The delayed 2021 Rugby World Cup came to an end on Saturday morning (UK time) with an enthralling Final between hosts New Zealand and England at a sold-out Eden Park.
It was the Black Ferns who managed to earn a somewhat shock victory over the Red Roses that came after two red cards, a yellow card, 11 tries and a last second lineout steal, catapulting those women into New Zealand folklore as the likes of Stacey Fluhler, Ruahei Demant and Ruby Tui became household names around Aotearoa.
Unfortunately Wales were knocked out by the eventual winners in the quarter-final, having snuck a superb win against Scotland in the first round of pool games and come close against Australia in the final round before facing the unenviable task of facing down the Black Ferns.
However, it represented a big step forward for the women in red who had gone from losing all three games and scoring just 20 points in the 2021 Six Nations, to finally putting in place a professionally contracted framework at the start of this calendar year and showing huge signs of improvement through the 2022 Six Nations and into the Rugby World Cup.
Looking forward and I can’t help but feel that, having seen the growth of women’s football in the United Kingdom over the last 12 months, the build up and playing of the 2025 Rugby World Cup in England will be a watershed moment for women’s rugby on these isles.
I’ve sort of fallen into seeing the growth of women’s sport accidentally, with my other half a keen women’s football fan and me just generally intrigued by different sporting events, but due to that we’ve gone from watching Wales in a crowd of 1,500 to being part of a 15,000-strong Red Wall, as well as watching two games at Wembley as part of a sold-out 90,000 attendance, thanks in no small part to the successful hosting of the football European Championship in England.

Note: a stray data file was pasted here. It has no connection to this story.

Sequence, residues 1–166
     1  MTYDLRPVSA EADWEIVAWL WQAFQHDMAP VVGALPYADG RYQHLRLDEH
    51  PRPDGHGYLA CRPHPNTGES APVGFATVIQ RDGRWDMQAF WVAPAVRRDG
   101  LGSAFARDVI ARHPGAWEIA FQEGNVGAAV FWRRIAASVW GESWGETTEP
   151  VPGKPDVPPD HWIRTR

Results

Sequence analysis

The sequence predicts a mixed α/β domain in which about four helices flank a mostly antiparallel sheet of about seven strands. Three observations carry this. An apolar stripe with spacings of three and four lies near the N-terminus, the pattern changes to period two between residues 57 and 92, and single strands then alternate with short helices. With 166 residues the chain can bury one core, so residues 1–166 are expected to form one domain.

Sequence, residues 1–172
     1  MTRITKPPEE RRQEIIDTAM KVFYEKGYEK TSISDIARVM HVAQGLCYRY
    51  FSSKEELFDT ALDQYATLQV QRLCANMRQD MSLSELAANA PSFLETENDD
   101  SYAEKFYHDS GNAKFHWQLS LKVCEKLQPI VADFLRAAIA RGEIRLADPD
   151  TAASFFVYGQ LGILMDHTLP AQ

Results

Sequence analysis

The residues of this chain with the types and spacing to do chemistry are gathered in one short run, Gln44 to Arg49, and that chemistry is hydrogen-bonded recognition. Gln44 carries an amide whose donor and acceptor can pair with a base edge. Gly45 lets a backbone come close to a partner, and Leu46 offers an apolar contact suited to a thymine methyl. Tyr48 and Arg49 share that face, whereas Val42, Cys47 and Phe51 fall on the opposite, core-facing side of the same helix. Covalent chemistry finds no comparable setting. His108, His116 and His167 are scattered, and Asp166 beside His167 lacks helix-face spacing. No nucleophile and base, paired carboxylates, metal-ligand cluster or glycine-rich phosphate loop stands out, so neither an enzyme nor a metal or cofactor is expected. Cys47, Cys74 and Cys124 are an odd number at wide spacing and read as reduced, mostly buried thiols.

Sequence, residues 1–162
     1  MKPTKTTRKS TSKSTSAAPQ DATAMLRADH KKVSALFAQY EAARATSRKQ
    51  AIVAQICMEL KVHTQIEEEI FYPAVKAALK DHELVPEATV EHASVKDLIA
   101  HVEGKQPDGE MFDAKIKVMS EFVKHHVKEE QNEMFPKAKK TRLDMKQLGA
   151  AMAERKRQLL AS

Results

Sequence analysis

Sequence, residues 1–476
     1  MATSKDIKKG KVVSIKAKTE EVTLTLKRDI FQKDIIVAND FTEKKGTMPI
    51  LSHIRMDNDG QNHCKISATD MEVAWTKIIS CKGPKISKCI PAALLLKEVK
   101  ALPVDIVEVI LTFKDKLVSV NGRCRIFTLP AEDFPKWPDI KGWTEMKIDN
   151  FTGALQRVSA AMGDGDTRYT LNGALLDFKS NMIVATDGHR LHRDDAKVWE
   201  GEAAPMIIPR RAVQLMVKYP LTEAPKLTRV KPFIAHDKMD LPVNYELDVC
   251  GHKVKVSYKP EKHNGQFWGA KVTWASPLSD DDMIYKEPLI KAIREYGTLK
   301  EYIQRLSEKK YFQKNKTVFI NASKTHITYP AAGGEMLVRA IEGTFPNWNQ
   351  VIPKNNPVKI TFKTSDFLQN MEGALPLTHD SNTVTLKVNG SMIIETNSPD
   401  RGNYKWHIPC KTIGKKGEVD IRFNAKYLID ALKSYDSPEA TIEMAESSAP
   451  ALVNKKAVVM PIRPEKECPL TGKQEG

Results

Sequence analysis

Going back to earlier in the year I happened to be at the Arms Park on the same day Wales played Scotland and, while there were “only” 4,000-ish people there, it felt like it could be the start of a promising journey for women’s rugby in Wales as the team battled to an excellent win and then spent hours taking photos and signing autographs for the hundreds of young girls in the stands.
Now it’s time for the Welsh Rugby Union to get it’s arse properly into gear and ensure that the women’s game has the structure and investment it requires to be competitive and inspire a generation when the Rugby World Cup turns up next door.
Contracting the senior international squad can only be the start of the work that is needed to make the programme a success. Regional pathways, a senior regional competition and national team age grade sides should all be high on the menu, alongside partnership work with University rugby and the Premier 15s competition across the border.
Those will not only give the national team the best chance of being competitive in 2025, but also to capitalise on any success beyond that. The train is at the station, and while it may not be the gravy express that the blazers at the WRU prefer, this is one that they should not be missing.
There’s a legacy to be made…